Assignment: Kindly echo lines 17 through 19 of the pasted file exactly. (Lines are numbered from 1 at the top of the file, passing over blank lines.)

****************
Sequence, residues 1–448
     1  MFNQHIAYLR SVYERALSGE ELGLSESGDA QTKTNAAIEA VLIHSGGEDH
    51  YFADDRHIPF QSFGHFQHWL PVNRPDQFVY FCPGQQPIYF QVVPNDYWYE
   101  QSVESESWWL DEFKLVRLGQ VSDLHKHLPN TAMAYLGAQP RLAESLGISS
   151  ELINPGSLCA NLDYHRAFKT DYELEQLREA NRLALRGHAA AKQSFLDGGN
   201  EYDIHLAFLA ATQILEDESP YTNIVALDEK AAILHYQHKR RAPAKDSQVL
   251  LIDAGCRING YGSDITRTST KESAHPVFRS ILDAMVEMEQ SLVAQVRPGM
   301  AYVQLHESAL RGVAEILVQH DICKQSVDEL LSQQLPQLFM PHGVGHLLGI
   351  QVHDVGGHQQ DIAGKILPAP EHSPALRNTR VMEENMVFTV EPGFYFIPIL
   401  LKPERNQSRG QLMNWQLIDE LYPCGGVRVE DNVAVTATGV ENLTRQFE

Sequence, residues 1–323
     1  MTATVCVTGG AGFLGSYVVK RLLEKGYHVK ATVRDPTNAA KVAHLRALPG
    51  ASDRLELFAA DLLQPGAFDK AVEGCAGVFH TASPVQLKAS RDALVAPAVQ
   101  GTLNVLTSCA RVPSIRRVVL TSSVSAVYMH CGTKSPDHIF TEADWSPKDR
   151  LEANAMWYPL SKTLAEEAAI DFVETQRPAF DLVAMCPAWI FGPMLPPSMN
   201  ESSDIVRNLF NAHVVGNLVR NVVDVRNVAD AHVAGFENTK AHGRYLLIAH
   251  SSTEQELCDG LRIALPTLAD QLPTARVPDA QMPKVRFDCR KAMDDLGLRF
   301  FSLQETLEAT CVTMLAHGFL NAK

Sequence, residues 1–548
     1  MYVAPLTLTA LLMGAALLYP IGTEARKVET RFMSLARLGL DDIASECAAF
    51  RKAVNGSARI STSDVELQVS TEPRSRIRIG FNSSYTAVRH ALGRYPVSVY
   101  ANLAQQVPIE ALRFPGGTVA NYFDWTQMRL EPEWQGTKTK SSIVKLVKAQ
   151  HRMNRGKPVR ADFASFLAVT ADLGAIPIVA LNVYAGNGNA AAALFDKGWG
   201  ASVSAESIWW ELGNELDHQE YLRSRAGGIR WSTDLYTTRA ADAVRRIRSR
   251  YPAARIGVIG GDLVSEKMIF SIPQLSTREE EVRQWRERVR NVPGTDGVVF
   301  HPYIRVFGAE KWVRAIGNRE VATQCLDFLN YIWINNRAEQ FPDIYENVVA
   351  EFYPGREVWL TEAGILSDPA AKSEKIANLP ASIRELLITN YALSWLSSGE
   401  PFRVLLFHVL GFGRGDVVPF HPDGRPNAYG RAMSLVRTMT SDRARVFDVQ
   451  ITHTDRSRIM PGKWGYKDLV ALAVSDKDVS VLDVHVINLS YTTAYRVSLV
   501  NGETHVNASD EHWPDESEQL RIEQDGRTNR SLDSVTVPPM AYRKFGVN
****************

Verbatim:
   251  SSTEQELCDG LRIALPTLAD QLPTARVPDA QMPKVRFDCR KAMDDLGLRF
   301  FSLQETLEAT CVTMLAHGFL NAK

Sequence, residues 1–548